George Gibbs Center for Economic Prosperity

Day⁠t⁠ona Beach News-Journal: Flor⁠i⁠da’s Med⁠i⁠ca⁠i⁠d Enrollmen⁠t⁠ Is Grow⁠i⁠ng — Even W⁠i⁠⁠t⁠hou⁠t⁠ Expand⁠i⁠ng El⁠i⁠g⁠i⁠b⁠i⁠l⁠i⁠⁠t⁠y

By: The James Madison Institute / 2014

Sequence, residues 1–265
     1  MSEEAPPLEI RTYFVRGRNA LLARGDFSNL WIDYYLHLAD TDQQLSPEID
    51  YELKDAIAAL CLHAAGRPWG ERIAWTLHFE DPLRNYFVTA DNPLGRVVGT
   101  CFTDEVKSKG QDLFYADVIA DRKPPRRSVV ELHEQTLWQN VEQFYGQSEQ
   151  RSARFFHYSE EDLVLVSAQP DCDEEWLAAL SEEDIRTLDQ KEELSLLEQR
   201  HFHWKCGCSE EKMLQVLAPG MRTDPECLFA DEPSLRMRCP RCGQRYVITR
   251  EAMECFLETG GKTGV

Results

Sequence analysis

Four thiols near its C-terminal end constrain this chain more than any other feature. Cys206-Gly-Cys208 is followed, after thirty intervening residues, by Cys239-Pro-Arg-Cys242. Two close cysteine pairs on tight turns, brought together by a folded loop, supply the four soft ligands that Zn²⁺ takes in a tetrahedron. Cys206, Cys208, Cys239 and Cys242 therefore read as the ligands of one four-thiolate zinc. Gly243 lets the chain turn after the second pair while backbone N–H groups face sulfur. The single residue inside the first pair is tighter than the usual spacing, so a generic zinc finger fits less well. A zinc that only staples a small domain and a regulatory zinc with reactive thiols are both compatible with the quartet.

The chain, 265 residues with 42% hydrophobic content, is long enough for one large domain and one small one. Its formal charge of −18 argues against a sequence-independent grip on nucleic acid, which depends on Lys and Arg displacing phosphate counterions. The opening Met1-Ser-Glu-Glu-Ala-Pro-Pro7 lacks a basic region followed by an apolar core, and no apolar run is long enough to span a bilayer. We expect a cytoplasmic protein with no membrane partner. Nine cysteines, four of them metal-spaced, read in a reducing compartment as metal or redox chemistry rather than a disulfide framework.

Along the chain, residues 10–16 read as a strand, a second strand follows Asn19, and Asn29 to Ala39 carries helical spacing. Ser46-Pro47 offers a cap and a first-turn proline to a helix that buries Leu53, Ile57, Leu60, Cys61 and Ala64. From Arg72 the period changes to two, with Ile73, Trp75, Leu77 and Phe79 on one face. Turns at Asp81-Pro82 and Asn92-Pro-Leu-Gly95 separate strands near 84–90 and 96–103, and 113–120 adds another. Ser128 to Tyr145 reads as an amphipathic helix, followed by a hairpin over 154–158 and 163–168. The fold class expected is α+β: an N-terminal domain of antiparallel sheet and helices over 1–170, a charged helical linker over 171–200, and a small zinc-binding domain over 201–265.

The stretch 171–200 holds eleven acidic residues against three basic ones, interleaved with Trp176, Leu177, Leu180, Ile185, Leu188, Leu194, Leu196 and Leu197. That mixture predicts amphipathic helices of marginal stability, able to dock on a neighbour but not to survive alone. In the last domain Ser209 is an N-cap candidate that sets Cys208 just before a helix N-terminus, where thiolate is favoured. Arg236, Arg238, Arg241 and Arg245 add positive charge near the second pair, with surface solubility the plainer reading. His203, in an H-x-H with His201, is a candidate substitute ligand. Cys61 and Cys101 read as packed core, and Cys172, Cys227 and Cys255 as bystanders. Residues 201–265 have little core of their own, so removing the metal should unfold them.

Florida’s Medicaid Enrollment Is Growing — Even Without Expanding EligibilityBY JASON D. FODEMAN, M. DCritics who denounce Florida legislators for once again refusing to expand eligibility for Medicaid ignore the fact that this badly flawed program is rapidly expanding anyway, even without that proposed change.Indeed, new data surfacing during the sign-up period for the Affordable Care Act (ACA) showed that Florida’s Medicaid enrollment rose by a whopping 8 percent in the six months following the ACA’s disastrous start last October 1, with more new enrollees yet to come.These new Medicaid enrollees are the so-called “out-of-the-woodwork” patients whose emergence was widely forecast in the wake of the ACA’s individual mandate to “buy health insurance — or else!”Worse, for a state where Medicaid is already taking huge chunks of revenue away from other priorities ranging from education to the environment, the feds will pay only about 56 percent of the costs, not the higher amounts they proffered as bait to entice states to alter their income threshold in order to add even more enrollees.This spike in Medicaid enrollment not only means added expense for the state and more hassles for patients trying to find a doctor who accepts Medicaid, but it will also pile more work on Florida’s Agency for Health Care Administration (AHCA) – and at an especially bad time.That’s because this often-troubled agency is in the process of overseeing a statewide rollout of a managed-care approach first proposed in studies The James Madison Institute (JMI) published several years ago.That approach, which independent analyses have shown improves patients’ care while also saving the taxpayers’ money, got a trial run in a pilot project in five Florida counties, including Broward and Duval. Now it’s going to be used statewide.Therefore, instead of undertaking yet another huge expansion of Medicaid, the state should instead take full advantage of this timely opportunity to improve medical care for the medically needy.Further expansion of eligibility for Medicaid is not the way to do it. Despite Florida’s reforms, the program’s fundamental flaws remain deeply ingrained in the core of the federal Medicaid statute, which has created a program plagued by bureaucracy, skyrocketing costs, restricted access, and compromised care.These problems can’t be fixed without comprehensive Medicaid reforms that include features such as health saving accounts, which foster personal responsibility. Alas, reforms must begin at the federal level, where the current political alignment makes change unlikely. Until the feds allow the states more leeway to experiment, placing even more Floridians in this flawed program is not a good solution.In the meantime, the federal Medicaid statute leaves states with few options to control costs other than paying providers less and less. The low reimbursements have jeopardized patients’ access to timely, high quality medical care. Many providers refuse to accept Medicaid patients.Expanding eligibility for Medicaid would only inflict these problems on more patients. And placing an additional strain on this already strained system could worsen the care provided for those already enrolled in the program as well as those who were rendered newly eligible.To improve care for the underserved, Florida’s Medicaid program is not in need of more enrollees but more reforms. The two provisions of the federal Medicaid statute that especially need reform are the “comparability” and “statewideness” clauses.In general, these provisions force Florida to offer the same benefit to everyone, everywhere in the state. This shotgun approach to medical care fails the needy because different patients have different medical needs.The federal government’s “maintenance of effort” requirement, which prevents states from tightening eligibility and enrollment criteria, also greatly complicates states’ efforts to improve Medicaid patients’ care. This provision should be repealed as well.These federal statutory provisions may have been enacted with the best of intentions, but in practice they hamstring innovation and impede the efficient use of resources to provide the best care.Florida should use the attention generated by the Medicaid expansion debate as an opportunity to work with federal regulators and local health systems to reform the program to better meet the needs of the beneficiaries. Florida’s underserved deserve nothing less. Jason D. Fodeman, M.D., is a board-certified internal medicine physician and an adjunct scholar of The James Madison Institute.